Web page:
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Simple Orchiectomy via a Scrotal Approach: Surgical Technique and Complications
Indications for Simple Orchiectomy
- Bilateral orchiectomy as an anti-androgenic therapy in advanced or metastatic prostate cancer
- Testicular abscess, e.g., due to progressive epididymitis
- After testicular trauma with completely infarcted or shattered testis
- Missed testicular torsion with complete necrosis
Contraindications of Scrotal Orchiectomy
- Bleeding disorders
- If testicular cancer is suspected, an inguinal approach is mandatory.
- The other contraindications depend on the surgical risk due to the patient's comorbidity, and the surgical procedure's impact on the patient's quality of life.
Surgical Technique of Scrotal Orchiectomy
Preoperative Patient Preparation:
Supine positioning. Spinal or general anesthesia, Perioperative antibiotic prophylaxis if risk factors for surgical site infections are present.
Scrotal skin incision along the raphe testis, both testicles can be reached with the same incision. Alternatively, a transverse incision between the scrotal skin vessels is possible for a unilateral approach.
Subcapsular (Bilateral) Orchiectomy:
The subcapsular orchiectomy (Riba's technique) is indicated for advanced prostate carcinoma and avoids the feeling of an empty scrotum after orchiectomy. After the skin incision and incision of the tunica vaginalis parietalis, the testis is delivered into the wound. The tunica albuginea is incised from the upper to the lower pole. The protruding testicular tissue is detached from the tunica albuginea until the parenchyma is only fixed to the hilus. The hilar vessels are secured with a clamp, and the testicular tissue is dissected and removed. A figure-of-eight suture closes the hilar vessels. Careful cautery is done to control remaining bleeding. The tunica albuginea is closed with a running suture (e.g., vicryl 3-0). The next running suture adapts the tunica vaginalis parietalis and subcutis. The contralateral testis is reached via the same incision. The skin is closed with a fast absorbable (monofilament) suture 4-0.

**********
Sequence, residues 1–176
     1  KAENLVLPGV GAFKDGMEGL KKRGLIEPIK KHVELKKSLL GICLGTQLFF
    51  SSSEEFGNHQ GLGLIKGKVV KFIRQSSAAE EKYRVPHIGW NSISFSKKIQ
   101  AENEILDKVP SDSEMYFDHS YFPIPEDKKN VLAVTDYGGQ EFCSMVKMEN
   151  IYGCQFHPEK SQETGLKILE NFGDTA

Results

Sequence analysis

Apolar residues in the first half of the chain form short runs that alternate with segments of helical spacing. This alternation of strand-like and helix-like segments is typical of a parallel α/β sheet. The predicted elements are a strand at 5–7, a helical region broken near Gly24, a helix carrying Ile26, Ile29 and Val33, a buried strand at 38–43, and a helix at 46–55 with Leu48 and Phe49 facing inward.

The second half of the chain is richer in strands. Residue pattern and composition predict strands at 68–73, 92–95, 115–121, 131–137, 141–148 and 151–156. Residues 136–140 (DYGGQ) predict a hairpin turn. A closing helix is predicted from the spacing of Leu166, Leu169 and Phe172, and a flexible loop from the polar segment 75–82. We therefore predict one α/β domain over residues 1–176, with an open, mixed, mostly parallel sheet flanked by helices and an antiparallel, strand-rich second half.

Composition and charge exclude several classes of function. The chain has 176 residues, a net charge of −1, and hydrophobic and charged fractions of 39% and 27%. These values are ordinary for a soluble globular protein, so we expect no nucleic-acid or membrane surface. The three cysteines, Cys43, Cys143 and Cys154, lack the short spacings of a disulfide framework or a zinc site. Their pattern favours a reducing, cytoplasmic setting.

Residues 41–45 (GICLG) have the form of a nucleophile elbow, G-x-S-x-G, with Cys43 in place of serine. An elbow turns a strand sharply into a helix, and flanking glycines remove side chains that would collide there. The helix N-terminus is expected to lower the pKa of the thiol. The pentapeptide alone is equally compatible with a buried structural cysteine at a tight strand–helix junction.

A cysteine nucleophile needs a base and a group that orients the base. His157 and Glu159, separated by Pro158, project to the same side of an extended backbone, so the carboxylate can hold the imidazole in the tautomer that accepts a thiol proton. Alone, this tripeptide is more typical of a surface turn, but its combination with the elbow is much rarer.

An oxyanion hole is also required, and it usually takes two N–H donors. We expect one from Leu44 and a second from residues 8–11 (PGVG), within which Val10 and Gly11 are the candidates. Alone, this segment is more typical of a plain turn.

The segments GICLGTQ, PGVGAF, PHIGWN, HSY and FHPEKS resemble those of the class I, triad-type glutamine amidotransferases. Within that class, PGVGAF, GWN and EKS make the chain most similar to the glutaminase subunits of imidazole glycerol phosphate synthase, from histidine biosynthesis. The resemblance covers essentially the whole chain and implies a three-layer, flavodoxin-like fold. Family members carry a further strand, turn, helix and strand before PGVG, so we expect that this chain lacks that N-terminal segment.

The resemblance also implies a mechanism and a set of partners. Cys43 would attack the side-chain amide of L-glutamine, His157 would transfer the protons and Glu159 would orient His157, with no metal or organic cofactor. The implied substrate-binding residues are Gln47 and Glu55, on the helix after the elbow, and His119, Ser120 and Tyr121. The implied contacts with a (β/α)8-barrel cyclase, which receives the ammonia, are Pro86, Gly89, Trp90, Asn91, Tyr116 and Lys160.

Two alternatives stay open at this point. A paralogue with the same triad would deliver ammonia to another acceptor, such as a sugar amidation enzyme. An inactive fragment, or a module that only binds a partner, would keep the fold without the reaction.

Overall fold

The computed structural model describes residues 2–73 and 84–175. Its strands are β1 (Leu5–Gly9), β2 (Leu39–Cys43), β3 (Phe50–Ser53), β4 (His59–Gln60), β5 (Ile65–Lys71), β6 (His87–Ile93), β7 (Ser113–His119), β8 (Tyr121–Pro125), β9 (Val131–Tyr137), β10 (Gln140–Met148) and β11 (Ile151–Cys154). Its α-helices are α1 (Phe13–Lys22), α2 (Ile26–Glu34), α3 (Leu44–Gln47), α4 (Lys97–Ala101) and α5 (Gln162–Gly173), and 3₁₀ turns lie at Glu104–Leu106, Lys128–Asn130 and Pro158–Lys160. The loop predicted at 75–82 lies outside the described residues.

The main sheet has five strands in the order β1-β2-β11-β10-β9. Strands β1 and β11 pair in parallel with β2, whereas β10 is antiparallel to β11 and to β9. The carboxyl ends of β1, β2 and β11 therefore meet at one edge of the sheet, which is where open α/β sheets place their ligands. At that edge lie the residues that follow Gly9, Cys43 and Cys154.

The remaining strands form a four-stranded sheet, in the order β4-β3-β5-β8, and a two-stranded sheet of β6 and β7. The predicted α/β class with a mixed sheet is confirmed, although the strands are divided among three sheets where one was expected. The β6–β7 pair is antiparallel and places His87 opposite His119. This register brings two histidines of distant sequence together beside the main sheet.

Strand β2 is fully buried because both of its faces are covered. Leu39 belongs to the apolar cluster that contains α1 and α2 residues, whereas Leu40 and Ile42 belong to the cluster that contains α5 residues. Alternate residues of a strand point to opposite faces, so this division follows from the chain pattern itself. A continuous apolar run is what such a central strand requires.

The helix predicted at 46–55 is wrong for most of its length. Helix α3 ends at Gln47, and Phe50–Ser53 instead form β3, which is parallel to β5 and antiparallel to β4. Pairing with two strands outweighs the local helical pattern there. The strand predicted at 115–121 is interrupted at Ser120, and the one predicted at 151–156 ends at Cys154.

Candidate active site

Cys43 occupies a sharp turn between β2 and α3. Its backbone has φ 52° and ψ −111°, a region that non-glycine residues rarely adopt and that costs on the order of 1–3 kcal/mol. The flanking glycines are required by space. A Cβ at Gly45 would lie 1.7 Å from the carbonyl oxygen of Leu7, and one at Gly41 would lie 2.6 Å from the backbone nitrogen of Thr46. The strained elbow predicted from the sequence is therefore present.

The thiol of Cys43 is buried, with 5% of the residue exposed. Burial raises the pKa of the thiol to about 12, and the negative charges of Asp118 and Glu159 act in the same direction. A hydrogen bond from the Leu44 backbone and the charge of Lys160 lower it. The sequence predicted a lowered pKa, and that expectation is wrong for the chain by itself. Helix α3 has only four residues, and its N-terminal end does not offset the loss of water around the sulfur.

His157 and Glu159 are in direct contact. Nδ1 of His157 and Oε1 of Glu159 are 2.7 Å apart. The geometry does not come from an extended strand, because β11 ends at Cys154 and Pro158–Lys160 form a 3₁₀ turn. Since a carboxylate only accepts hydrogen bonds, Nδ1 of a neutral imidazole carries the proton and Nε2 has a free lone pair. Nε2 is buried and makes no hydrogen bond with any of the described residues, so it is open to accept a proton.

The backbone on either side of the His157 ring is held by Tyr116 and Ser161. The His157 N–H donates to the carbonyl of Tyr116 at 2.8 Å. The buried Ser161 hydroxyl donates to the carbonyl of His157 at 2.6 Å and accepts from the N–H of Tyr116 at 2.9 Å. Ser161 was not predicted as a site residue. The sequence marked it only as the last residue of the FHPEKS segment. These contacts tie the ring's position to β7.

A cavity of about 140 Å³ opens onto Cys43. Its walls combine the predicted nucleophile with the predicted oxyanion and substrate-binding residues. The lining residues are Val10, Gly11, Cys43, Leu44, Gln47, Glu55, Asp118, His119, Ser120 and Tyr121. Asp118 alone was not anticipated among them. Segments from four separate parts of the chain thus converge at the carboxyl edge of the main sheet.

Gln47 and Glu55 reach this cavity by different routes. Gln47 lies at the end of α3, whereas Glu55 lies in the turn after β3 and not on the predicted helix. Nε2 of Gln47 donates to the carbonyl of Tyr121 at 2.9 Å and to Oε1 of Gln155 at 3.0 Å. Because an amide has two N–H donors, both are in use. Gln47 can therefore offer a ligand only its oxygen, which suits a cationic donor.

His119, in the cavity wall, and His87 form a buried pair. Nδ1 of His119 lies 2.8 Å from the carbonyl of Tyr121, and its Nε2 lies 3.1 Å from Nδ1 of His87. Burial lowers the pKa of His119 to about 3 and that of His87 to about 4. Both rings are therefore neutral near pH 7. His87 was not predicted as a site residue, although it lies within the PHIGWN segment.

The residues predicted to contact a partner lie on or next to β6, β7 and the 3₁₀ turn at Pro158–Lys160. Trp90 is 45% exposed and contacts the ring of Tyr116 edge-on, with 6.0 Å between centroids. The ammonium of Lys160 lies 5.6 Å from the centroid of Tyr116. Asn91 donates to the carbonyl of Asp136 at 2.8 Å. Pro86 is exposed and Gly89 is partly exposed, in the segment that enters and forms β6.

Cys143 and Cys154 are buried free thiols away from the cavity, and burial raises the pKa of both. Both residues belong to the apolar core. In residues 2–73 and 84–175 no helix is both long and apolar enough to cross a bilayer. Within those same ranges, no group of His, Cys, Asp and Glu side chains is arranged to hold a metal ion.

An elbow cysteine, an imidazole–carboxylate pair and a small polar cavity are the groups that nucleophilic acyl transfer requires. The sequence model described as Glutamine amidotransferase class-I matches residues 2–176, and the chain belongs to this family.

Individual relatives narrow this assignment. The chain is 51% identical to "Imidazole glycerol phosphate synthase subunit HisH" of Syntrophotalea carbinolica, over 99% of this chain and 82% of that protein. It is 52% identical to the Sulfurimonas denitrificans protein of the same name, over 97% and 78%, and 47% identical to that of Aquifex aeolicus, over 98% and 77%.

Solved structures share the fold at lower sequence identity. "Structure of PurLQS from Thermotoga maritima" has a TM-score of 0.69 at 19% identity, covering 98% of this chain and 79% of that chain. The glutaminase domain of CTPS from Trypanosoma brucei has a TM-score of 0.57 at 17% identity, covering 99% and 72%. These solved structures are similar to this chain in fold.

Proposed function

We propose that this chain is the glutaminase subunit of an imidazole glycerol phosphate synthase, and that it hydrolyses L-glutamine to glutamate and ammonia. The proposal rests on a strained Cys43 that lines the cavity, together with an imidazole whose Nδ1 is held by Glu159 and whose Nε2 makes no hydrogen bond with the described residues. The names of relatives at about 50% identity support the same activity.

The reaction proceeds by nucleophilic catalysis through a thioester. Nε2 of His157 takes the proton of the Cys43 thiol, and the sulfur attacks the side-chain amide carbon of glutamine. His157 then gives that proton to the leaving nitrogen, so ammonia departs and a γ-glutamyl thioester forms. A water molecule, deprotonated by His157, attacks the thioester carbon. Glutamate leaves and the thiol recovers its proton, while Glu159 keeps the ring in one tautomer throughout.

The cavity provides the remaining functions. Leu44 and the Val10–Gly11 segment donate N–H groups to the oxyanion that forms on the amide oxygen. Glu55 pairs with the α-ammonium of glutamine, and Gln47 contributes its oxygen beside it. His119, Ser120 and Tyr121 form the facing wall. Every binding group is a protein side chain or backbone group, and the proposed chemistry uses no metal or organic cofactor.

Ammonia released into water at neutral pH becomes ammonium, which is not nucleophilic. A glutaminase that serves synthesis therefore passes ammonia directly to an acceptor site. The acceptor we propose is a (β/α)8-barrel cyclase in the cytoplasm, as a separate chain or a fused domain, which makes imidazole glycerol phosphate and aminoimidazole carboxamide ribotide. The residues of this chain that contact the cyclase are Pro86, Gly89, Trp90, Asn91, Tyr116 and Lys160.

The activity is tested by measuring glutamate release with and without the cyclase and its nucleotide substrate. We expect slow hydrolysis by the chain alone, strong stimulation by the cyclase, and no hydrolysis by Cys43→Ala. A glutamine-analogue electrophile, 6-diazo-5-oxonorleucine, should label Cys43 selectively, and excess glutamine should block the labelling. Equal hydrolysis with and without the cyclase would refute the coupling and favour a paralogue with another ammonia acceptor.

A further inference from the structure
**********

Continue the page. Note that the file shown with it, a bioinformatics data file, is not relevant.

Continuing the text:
Compete orchidoepididymectomy is indicated for infection, testicular trauma or after missed testicular torsion (see above). After the skin incision, the testis is mobilized with intact tunica vaginalis parietalis. Tension on the testis enables mobilization of the spermatic cord up to the superficial inguinal ring. The spermatic cord is opened, and the vas and the testicular vessels are dissected separately between overholt clamps and suture ligations. Careful cautery is done to control the remaining bleeding. Place a Redon suction drain if orchiectomy was done for severe infection. A running or interrupted suture closes the subcutis. The skin closed with fast absorbable (monofilament) suture 4-0.
Complications of Orchiectomy
- Bleeding with hematoma
- Wound infection
- Hypogonadism depending on the contralateral testicular function
|Inguinal orchidopexy||Index||Radical orchiectomy|
Index: 1–9 A B C D E F G H I J K L M N O P Q R S T U V W X Y Z
J. A. Smith, S. S. Howards, G. M. Preminger, and R. R. Dmochowski, Hinman’s Atlas of Urologic Surgery Revised Reprint. Elsevier, 2019.
Deutsche Version: Skrotale Orchiektomie